Does money give political parties the electoral edge or will hours of door-knocking, telephone calls and e-campaigning make the difference?
This is the question that Brunel University London’s Professor of Political Science Justin Fisher will be looking to answer after being awarded a £257,000 grant by the Economic and Social Research Council to study the impact of constituency campaigns on the outcome of this year’s General Election.
By the time the country settles down to watch television swing-o-meters and late-night counts, the days of constituency visits, handshakes, tweets and photo opportunities will be over for another five years and Prof Fisher and his team will investigate what activities, if any, gave would-be MPs the edge.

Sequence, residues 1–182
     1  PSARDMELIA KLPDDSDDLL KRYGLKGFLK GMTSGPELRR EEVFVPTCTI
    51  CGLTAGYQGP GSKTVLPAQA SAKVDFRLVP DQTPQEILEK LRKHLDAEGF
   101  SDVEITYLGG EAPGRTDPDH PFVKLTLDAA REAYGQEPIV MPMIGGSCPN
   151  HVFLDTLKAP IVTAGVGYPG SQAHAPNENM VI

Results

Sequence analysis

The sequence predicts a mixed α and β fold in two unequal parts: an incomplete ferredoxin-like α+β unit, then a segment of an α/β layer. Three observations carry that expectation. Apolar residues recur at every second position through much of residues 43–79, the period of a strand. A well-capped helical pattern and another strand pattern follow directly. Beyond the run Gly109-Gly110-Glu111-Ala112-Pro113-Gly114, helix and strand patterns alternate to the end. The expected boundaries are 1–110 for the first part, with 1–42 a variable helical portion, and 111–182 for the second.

Head of the Politics, History & Law department at Brunel University London, Prof Fisher said: “Since the early 1990s we have tracked the influences on Britain’s political landscape where they matter most – on the campaign trail and doorsteps of Britain.
“This will be a fascinating election to study. Not only is it the first ‘post-coalition’ election in modern times but there are also many other parties making in-roads. Our study will enable us to examine how parties campaign on the ground in these very specific circumstances.”
The research will look at the importance of constituency campaigning, how techniques have evolved and if their impact varies among different groups of electors.
Surveys will be made of election agents across the country on volunteer numbers, pre-campaign work, leafleting, canvassing and polling day operations to create an index of campaign intensity.
It will factor in the role of national level party officials in the planning, managing and monitoring of local campaigns, as well as candidate election expenditure. The index will be judged against the outcome of the election and similar data back to 1992.